Notes: Paul Goldschmidt had two hits, including another homer….three hits, including two doubles, by Yairo Munoz….Kolten Wong had two doubles….Adam Wainwright continued his road struggles, allowing four runs in five innings, but was able to stay around long enough to get the win because of the offensive backing. Which isn’t out of the ordinary for Waino, is it?
Thursday, July 25 (6-3 win at Pittsburgh)
Hero: Paul Goldschmidt. Two hits, including a home run in his fourth consecutive game.
Goat: Paul DeJong. 0-3, but he was able to drive in a run.
Notes: Miles Mikolas put up a quality start, striking out five in the process….it was a little surprising to see Andrew Miller and Carlos Martinez in this one, especially Martinez given the three run lead, but Mike Shildt has been playing with playoff intensity as of late….home runs by Kolten Wong and Dexter Fowler, showing that the power is coming from everywhere right now.
Friday, July 26 (5-3 win vs. Houston)
Hero: Paul Goldschmidt. His three-run blast gave the Cardinals the lead that they would not relinquish.
Goat: Andrew Miller. Thrust into a tough situation, he wound up walking in the go-ahead run before getting the final out of the inning. Thankfully, Goldschmidt picked him up.
Notes: Another solid outing from Jack Flaherty, even though he’s not picked up a W since June, I don’t think. Pitcher wins, though, right? What are they good for?….John Gant may be hitting a wall, allowing two walks and a hit and putting Miller into the situation that he couldn’t escape from….another two-hit night from Kolten Wong, who has really picked up the pace as of late. Feels like he did this last July/August as well.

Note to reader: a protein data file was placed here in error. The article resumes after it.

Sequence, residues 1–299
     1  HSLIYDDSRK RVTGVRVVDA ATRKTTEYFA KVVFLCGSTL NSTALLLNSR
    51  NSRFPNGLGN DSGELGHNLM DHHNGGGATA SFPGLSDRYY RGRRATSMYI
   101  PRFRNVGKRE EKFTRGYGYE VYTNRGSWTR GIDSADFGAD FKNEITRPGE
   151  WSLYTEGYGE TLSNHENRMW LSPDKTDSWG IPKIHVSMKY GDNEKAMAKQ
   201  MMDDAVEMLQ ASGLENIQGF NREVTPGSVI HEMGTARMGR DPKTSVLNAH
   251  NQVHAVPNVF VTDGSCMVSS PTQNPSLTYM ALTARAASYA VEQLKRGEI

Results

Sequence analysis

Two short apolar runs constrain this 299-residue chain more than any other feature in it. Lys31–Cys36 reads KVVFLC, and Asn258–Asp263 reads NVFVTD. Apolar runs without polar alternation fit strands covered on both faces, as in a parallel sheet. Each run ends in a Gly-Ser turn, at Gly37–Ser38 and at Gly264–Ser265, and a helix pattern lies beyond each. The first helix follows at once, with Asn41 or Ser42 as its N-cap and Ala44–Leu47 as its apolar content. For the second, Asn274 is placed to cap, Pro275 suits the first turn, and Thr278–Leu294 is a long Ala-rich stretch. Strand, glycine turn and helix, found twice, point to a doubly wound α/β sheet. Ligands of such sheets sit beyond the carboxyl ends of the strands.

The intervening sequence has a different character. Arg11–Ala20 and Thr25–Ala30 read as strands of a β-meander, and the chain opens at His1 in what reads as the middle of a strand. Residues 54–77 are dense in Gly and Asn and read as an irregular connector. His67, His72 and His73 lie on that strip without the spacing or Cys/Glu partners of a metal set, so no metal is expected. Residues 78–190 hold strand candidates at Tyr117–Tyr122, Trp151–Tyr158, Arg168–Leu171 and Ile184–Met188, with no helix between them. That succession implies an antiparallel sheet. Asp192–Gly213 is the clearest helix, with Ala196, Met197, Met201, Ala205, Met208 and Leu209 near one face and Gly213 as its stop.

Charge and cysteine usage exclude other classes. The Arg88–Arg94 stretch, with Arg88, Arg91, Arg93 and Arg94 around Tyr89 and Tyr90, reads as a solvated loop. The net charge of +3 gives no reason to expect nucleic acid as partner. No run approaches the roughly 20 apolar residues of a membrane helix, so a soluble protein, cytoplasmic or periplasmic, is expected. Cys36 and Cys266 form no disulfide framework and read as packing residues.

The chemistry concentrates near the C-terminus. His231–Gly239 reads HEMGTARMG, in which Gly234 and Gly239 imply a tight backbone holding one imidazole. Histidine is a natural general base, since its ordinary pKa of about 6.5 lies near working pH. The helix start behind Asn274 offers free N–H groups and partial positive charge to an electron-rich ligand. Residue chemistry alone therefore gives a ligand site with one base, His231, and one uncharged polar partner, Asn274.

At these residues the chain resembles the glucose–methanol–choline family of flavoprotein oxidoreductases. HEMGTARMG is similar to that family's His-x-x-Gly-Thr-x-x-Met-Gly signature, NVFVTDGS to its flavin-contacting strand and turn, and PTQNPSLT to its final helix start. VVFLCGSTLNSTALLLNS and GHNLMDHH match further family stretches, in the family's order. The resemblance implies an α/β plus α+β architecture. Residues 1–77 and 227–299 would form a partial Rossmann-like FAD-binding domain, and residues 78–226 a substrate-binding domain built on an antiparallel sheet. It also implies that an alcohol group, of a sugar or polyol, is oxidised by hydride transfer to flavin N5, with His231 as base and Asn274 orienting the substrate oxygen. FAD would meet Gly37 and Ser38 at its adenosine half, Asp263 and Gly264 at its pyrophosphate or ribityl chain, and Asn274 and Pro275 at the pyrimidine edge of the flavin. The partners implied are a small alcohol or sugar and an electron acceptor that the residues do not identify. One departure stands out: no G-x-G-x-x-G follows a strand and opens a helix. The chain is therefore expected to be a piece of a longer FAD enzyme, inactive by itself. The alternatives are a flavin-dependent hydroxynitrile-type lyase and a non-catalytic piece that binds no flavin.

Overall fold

Saturday, July 27 (8-2 loss vs. Houston)
Hero: Paul Goldschmidt. His fourth inning homer got the Cards on the board, even if it was too late by that point already.
Goat: Daniel Ponce de Leon. Michael Wacha gave up the grand slam, but Ponce de Leon put all the runners there, plus allowed two other runs before that, all without getting more than an out in the third.
Notes: Tyler O’Neill had two hits….Wacha actually pitched pretty well save for that homer. A number of hits but he was able to work out of any jams.
Sunday, July 28 (6-2 loss vs. Houston)
Hero: Tommy Edman. Two hits, the only player with more than one.
Goat: Dakota Hudson. Five runs in four innings. Hudson seems to be scuffling a bit more than he was in May and June, which may be adjustments by the league, may be fatigue, may just be regression. Whatever it is, it’s not helpful.
Notes: They really should have been able to do more against Wade Miley….nice to see Rangel Ravelo get his first extra-base hit and first RBI….0-4 with two strikeouts for Harrison Bader, which wrote his ticket to Memphis finally.
Tuesday, July 30 (2-1 win vs. Chicago)
Hero: Giovanny Gallegos. As he seems to always be able to do, he came into the game with the bases loaded, the game really hanging in the balance, and got the Cardinals out of it.
Goat: Dexter Fowler. 0-4 with a strikeout, the strikeout coming with two outs and Tommy Edman at second.
Notes: Remember when we were wondering if Paul Goldschmidt was worth what the Cards gave up for him? Last night reminded us exactly why the Cardinals got him. A tiebreaking home run (right after Gallegos got out of the jam) shifted all the momentum the Cardinals’ way….Adam Wainwright ran into trouble in the sixth (after the Cubs tried to run him out of it with a strike-’em-out, throw-’em-out double play) but on the whole had another great outing with high stakes. As long as he’s at home, he’s turned into a reliable option….Gallegos, Andrew Miller, Carlos Martinez (who looked remarkably sharp with the extra rest) will shorten a lot of games down.